Craft Cocktails, Boutique Wine Pours, & Southern Comfort with Style!
Red Dog Diner opened only two months ago, but they are making their mark with the breakfast and brunch crowd. The “Kitchen Sink Bloody Mary” lists “everything in the kitchen sink. Tell ya mom an Dem!” They aren’t kidding.
“Everything fresh and made from scratch” isn’t a bad way to start. Another unique attribute is that Red Dog plans to serve brunch seven days a week until 2 p.m. Currently, it’s Tuesday through Saturday. New Orleanians love breakfast, and long lines at most Uptown breakfast spots attest to that. Unlike most of those other favorite breakfast spots, Red Dog also serves dinner.
The menu features a wide enough variety to please everyone, as long as the diner seeks flavor. A pie tin of homemade biscuits is served with three sides of jam: peach rosemary, port strawberry, and pineapple sage. Biscuits at Red Dog vanish quickly.
I heartily recommend the Roasted Duck Waffle with Duck Crackling, Slaw, and Five Spice Maple Syrup as a starter. There is an imaginative breakfast menu with several items we haven’t seen before. One of the tastiest is the Curry Roasted Cauliflower Omelet with Potatoes and Peppers. Try it.
Prime Rib Benedict, Brisket Hash with Chimichurri, Gruyere Cheese, Smoked Crimini Mushrooms, Pork Con Queso Omelets, Blueberry Pancakes, Candied Pecan Waffles, Gravlax, and a solid Huevos Ranchero are on offer as well as all the normal breakfast fare. A single pancake can be ordered at three dollars for a child while parents enjoy Lump Crab Eggs Sardou. The working man breakfast, or Joe Blow, of eggs, bacon or sausage, grits or hash, and a biscuit comes in under ten dollars.
The restaurant has an upscale Nashville or Charleston vibe, but the owners and chef are pure Louisiana. Make no mistake: this is Southern food. Chef Terri Savioe is a Johnston & Wales trained chef, whose previous local work includes Brennan’s and Mr. B’s Bistro. Savoie was originally brought in to tighten the menu at co-owners Michael Buchert and Kelly Ponder’s other next-door restaurant, The Rum House.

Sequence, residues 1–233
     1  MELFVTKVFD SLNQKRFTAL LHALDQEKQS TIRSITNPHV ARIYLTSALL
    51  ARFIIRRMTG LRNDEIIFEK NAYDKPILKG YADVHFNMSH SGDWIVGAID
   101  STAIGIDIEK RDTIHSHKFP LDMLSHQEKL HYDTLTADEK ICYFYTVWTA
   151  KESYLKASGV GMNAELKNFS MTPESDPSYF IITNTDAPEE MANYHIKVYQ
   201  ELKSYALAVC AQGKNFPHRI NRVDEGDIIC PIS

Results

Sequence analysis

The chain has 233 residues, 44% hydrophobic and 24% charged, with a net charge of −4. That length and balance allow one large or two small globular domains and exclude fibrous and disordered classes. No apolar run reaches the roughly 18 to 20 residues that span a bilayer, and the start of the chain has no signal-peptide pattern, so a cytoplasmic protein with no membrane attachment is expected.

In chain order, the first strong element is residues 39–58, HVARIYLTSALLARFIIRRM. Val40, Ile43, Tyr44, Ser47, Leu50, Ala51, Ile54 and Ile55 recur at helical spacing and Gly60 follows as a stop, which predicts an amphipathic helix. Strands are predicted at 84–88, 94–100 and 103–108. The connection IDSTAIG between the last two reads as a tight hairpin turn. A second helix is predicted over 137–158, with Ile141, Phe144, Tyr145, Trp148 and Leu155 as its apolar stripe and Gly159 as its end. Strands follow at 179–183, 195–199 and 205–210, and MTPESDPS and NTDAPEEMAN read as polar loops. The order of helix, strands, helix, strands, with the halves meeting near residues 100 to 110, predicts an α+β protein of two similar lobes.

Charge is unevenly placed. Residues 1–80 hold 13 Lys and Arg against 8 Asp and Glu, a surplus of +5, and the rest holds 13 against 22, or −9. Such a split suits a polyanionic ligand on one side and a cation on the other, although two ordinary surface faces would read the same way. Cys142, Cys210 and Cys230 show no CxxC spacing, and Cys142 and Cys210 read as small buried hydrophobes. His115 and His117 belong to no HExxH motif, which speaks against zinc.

Red Dog, and its menu, style, and namesake, were a long held dream of Buchert’s. After Rum House settled, he and Ponder, longtime friend and partner, began the Red Dog concept with Savioe in place as chef. The moniker image, taken from a beloved Rhodesian Ridgeback named “Little Red Dog”, is featured prominently.
Buckert spoke of trying to create a “fun, funky, farmhouse, kinda feel.” They succeeded. The restaurant interior the is the result of Ponder. Ponder is an expert in creating casual spaces using reclaimed wood. The country styling, with its tin chairs, is laid back, yet upscale enough to please foodies.
The restaurant boasts an impressive and unique wine offering of small batch boutique keg wines sold by the glass, half liter, and liter carafes. Buckert spent time in Napa learning the keg process and is a proponent of its use in restaurants. Buchert explained that wines by the glass simply taste fresher and or more flavorful when poured from a keg. The idea is to allow customers an easier way to enjoy tastings, to experience more vineyards without purchasing a bottle.
Craft cocktails are also offered, each garnished with a hefty piece of in-house candied fruit. Infused liquors, spices, syrups, bitters make for memorable cocktails. The Old Fashioned is not at all old-fashioned. Try it. Better yet, try it at Happy Hour for half the price.
The lunch menu is solid. The Croque Monsieur of Cured Ham, Gruyere Mornay, Onion Marmalade, and Grilled Tomato is noteworthy. Reubens, Patty Melts, and Old Fashioned Chicken n’ Gravy are also offered, but expect a more sophisticated version than you may be used to.
Another option is simply ordering a cup of the Duck Diablo Soup with Polenta Croutons or Red Dog Veggie Chili. Add a few sides, such as the Maple Roasted Brussels Sprouts, Low Country Creamy Grits, or Smothered Cabbage. If you have a group, I recommend a tasting of all the sides and a few cocktails. You won’t be disappointed. Start with the Brussel Sprouts and be prepared to share.
Red Dog Diner
3122 Magazine Street, New Orleans, LA
Tuesdays through Friday 7 a.m. to 10 p.m.
Saturday & Sunday 8 a.m. to 10 p.m.
Happy Hour is from 3 to 6:30 p.m., which includes drink specials of $5 wines by the glass and select craft cocktails. A “Bar Bite” menu is in the works.
Red Dog plans to open seven days a week beginning January 18th.
Kristine Froeba is a third generation Uptown girl whose varied background includes food and travel writing, celebrity ghost writing, public relations, social media management, fundraising, ex-tabloid hack, and litigation specialist. She describes herself as part foodie, part writer, part historian, a historic renovation zealot, and a full time dabbler.